"You should not have attempted this alone," he said softly. "I am sorry."
"I do not understand," said Chalice. "Have I erred in my duty?"
The Master studied her face. After a moment, he seemed to hit on an idea. He rose from his chair and crossed the room to a row of candles on the mantelpiece. Chalice, of course, stood up as well.
There was a pause while the Master fumbled with something beside the candles. Chalice watched him with vague disinterest. When he had need of her, he would call her.
Something small shot out of the unlit chimney and buzzed into the room. The Master glanced at it sadly before returning to his work. The thing flew toward Chalice, wings a faint blur. It was a bee. Chalice stiffened, but did not shift her hands from their pose.
More dark spots floated down the chimney and approached Chalice, buzzing urgently. The Master did not seem to notice. She held her breath and ignored the bees, hoping they would go away, but they hummed loudly in her ears until she wanted to scream.
One of them landed on her arm and stung her.
Chalice yelped, and broke her carefully practiced pose. Her hand came up to flatten the bee where it squatted, stuck, on her arm.
Something stayed her hand. Chalice struggled, but her arm refused to move.
"My bees," she said faintly. He fingers descended, but gently, and she slowly eased the bee free from her skin, stinger intact. It rose to join its sisters, and she blinked at them bemusedly.
The Master had turned around, and was watching her intently, his face eager yet restrained. A flint was in his hand. On the mantelpiece behind him stood a beeswax candle, unlit.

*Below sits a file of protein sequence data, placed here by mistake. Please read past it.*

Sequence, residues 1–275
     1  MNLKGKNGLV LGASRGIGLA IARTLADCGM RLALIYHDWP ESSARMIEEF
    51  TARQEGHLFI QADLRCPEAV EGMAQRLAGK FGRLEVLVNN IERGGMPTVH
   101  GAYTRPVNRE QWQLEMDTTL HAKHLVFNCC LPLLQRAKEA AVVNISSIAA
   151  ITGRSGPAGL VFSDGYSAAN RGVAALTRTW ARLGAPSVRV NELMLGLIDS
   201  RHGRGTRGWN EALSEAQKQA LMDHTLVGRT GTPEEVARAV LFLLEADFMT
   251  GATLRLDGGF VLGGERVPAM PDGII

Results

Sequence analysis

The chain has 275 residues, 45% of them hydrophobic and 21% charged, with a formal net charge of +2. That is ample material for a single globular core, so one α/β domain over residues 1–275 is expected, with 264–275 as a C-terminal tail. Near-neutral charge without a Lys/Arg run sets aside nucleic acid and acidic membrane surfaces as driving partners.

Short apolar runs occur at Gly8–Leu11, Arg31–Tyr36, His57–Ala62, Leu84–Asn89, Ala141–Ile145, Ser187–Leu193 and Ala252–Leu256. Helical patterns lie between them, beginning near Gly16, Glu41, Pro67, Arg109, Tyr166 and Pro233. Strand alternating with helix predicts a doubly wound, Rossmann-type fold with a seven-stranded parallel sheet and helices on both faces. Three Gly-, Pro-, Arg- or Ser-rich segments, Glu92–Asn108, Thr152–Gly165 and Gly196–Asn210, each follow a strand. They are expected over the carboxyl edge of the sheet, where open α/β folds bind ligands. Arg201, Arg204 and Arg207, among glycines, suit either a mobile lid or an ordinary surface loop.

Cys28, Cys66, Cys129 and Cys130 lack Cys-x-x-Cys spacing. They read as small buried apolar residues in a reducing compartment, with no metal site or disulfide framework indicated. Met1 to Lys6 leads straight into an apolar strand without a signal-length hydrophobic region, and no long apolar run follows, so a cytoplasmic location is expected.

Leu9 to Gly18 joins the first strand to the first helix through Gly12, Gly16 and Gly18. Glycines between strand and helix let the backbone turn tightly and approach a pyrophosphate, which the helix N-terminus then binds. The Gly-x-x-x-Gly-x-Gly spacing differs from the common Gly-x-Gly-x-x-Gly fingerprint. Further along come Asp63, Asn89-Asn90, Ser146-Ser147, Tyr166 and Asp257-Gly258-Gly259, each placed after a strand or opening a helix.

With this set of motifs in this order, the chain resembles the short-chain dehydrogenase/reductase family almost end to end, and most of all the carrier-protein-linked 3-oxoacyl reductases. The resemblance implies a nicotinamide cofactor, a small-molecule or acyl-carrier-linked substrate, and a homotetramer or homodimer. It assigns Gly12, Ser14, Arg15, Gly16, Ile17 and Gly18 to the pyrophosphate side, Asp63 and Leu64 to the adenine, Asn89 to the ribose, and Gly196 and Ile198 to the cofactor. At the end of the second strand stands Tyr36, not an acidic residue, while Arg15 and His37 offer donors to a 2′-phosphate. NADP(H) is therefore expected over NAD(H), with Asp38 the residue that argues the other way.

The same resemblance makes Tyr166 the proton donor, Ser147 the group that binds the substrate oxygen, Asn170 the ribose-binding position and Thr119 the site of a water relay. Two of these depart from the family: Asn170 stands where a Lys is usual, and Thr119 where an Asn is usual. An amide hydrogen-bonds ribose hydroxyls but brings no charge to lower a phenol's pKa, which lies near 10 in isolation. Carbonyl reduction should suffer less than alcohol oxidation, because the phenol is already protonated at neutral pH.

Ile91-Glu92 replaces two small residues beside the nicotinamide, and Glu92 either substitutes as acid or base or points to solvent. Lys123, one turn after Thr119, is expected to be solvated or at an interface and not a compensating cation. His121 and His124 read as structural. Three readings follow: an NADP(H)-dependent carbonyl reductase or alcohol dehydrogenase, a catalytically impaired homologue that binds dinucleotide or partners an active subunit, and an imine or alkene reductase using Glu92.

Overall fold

She stepped forward. Her fingers gently took the flint from the Master's hands. Turning toward the candle, she struck a spark, and the fresh wick popped into flame. The sweet scent of honey began to fill the room.
"You never could get the trick of starting fires like a human," said Mirasol.
Liapnir reached out and pulled her into his arms. His fingers tangled themselves in her hair, and she leaned against him, sighing into his shoulder.
"Never leave me like that again," said Liapnir, his voice barely more than a whisper.
"Don't worry," said Mirasol. "Chalice is part of me now." She was herself, the bees buzzing around her as familiar to her as family, but the back of her mind teemed with the wisdom of generations of Chalices. She felt full, at peace, complete; as whole as the woodright she had tried to bind. "What happened?"
"Thurman's land was settled," the Master told her, "but you came back as Chalice, and only Chalice. I thought the candle might help, but the bees brought you back."
They pulled away from each other. Liapnir's face was as calm as ever, aside from his relieved smile, but his hold on her was firmer than it had ever been. Mirasol looked around. She was in the Master's private rooms, dark and cluttered with the detritus of a life lived through experimentation. There were plants, and children's toys, and rocks of interesting shapes. Every object bore the signs of being thoroughly examined by curious hands.